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In today’s world, it is more important than ever to have someone that is always in your corner of the ring, pushing you forward and supporting you. So, let us talk about moms. They not only fit this bill perfectly, but they do it with gusto and often elegance. Throughout much of infancy, toddlerhood, adolescence and even into young adulthood and beyond they put up with an incredible amount, and for the most part successfully retain the veneer of being unphased by even the worst of it. We are grateful for wonderful moms every day, but Mother’s Day is the one day of the year that we are especially sure to let them know. To celebrate, today’s post revisits an earlier one on Wayside Madonna, a beloved display of motherly affection painted by Edith Catlin Phelps and on exhibit in the Bowers’ Old Wing.
East of Edith
Edith Catlin Phelps was born on April 16, 1874 in New York City, New York. As a young woman Phelps studied painting under William Merritt Chase and Charles Webster Hawthorne, and traveled to Paris to attend classes at the Académie Julian. She apparently lived a life of luxury, marrying the wealthy architect Stowe Phelps and residing in both Manhattan and Connecticut. She was herself a mother, adopting and raising a young girl and having a child of her own sometime around 1911. Aside from a rather shocking 1927 incident in which she was attacked by another high society woman with a concealed light hatchet, Phelps appears to have been happy living on the east coast until the Great Depression, when she and her family picked up and moved out to Santa Barbara in California. Her paintings show a great deal of talent and news clippings from the time indicate that she may have had a sculpting career that has been largely forgotten.
Making a Scene
Wayside Madonna, the Bowers’ only painting by Phelps, was completed in 1939 and gifted to the museum by the artist in 1957. After a few short years in California, the artist’s style had already shifted to accommodate some of the larger trends in California regionalist painting which used social realism to capture moments from everyday life and frequently did so in rural settings. As a budding style of the early 1930s and major movement of the later decade, regionalist pieces such as this are portraits of American life, either populated or unpopulated, and in many cases illustrate the hardships that Americans faced during the Great Depression. Regionalism is also commonly referred to as American scene painting and was adopted by President Roosevelt and the government as the official art style of New Deal era projects. Much in the same way that muralism was to be a rallying flag for the arts of early 20th Century Mexico, regionalist painting was a vehicle for American people to take pride in their country.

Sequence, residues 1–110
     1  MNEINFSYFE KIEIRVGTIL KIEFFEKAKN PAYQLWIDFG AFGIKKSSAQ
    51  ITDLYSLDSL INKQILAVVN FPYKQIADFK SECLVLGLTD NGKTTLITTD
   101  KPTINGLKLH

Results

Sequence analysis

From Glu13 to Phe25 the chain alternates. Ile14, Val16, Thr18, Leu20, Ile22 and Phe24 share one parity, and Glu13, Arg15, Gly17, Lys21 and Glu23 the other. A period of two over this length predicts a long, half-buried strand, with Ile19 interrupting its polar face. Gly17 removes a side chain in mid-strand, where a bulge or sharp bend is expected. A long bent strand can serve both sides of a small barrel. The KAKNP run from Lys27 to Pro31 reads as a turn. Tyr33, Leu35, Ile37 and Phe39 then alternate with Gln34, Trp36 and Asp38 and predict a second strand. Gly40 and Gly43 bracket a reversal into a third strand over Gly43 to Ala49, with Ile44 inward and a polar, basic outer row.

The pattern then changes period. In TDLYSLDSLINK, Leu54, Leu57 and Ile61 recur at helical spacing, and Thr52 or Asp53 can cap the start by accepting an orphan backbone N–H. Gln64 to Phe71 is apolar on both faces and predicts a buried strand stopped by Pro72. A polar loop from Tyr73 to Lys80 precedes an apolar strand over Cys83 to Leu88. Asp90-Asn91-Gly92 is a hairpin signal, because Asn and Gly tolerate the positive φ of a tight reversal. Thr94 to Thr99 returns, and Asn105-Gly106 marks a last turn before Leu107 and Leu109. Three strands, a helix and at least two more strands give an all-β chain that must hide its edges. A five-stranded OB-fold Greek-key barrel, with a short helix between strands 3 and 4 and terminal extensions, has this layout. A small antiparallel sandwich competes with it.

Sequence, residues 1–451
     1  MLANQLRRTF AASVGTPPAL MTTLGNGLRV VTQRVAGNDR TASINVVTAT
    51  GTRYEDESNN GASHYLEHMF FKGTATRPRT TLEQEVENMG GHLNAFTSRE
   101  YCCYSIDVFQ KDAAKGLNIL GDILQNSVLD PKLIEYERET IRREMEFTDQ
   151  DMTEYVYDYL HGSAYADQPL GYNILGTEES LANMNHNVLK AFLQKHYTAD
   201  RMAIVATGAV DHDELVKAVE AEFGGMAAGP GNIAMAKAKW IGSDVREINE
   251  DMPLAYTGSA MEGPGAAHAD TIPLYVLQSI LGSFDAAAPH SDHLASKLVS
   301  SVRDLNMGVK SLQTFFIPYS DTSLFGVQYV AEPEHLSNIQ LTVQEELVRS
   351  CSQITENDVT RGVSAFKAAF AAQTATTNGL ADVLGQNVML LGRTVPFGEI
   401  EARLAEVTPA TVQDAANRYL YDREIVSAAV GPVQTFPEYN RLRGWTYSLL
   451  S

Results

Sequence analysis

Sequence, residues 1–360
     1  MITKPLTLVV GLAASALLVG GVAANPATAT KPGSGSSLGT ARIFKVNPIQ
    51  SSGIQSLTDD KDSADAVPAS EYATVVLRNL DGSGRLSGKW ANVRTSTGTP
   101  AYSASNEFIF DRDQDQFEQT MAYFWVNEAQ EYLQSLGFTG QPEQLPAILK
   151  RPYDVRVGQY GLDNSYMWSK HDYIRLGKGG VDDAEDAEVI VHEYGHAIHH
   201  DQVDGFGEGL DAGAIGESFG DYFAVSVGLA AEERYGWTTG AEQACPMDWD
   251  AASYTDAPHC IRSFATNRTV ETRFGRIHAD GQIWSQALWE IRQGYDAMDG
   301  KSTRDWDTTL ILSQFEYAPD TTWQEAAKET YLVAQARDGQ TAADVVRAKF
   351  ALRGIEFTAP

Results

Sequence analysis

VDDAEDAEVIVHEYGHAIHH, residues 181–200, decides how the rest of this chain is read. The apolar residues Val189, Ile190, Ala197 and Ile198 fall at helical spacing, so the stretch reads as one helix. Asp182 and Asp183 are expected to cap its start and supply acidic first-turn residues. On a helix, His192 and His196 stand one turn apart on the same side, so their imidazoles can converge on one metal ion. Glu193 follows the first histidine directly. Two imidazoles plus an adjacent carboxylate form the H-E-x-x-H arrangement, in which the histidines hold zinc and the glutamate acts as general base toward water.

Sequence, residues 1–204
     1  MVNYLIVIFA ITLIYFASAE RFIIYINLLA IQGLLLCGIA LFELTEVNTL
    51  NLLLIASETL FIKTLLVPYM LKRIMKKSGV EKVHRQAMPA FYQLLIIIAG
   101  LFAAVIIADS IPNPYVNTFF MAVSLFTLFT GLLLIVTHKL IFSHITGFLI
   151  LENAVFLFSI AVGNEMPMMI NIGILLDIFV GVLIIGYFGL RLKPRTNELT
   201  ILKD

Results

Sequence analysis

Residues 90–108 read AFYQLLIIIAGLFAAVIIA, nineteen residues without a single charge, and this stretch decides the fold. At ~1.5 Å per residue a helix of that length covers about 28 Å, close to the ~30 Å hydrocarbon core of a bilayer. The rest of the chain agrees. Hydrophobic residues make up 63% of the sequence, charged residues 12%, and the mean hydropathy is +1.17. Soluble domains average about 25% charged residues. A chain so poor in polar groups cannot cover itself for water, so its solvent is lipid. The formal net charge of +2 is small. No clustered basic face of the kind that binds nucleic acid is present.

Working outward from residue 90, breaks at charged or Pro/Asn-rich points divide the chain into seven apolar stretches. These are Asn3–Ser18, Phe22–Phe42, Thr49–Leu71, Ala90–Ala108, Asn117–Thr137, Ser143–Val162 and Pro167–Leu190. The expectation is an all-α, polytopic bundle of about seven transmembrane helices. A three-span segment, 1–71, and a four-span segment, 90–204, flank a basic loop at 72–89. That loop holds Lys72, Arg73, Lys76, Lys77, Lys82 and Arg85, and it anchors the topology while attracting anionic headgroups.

Catlin’s Stark Painting
The style was a popular one, created by and for the people rather than the new and somewhat elitist abstract styles that were gripping cities like New York. Phelps’ entry into California scene is interesting as she was herself upper class, but all the same, Wayside Madonna incorporates elements of the regionalist formula well: people engaged in pleasant activities, in picturesque landscapes and a focus on a tableau which is unabashedly heartfelt. Representational works like this convey the artists’ messages with an aesthetic emphasis on volume, high contrast and strong contour. Here she shows a woman and baby in the style of the Madonna and Child, a popular religious image of the Virgin Mary holding baby Jesus.
Perfectly condensing the loving relationship between mother and child, devotional paintings of the Madonna were first popularized during the medieval period. Even the rustic background dates as far back as the 15th century, though certainly the white stuccoed walls and red tiles of the buildings could only be Californian. Phelps’ work was also part of a multi-century-long evolution of this subgenre of religious paining. California regionalism did not limit itself to depicting Anglo subjects, and as African American photographers like James Latimer Allen were capturing images such as the above of a black Madonna and Child, Edith Catlin Phelps cast a Latina sitter to embody Christianity’s most important female figure. Phelps’ Wayside Madonna is not only a great tribute to the multi-ethnic celebration of religious figures but a wonderful homage to motherhood. Happy Mother’s Day!
Text and images may be under copyright. Please contact Collection Department for permission to use. Information subject to change upon further research.
As usual Mark, this is a beautiful tribute to Mother's Day and to the Bowers Museum collection. I look forward each week to your blog that not only enriches our membership but enhances docent touring.
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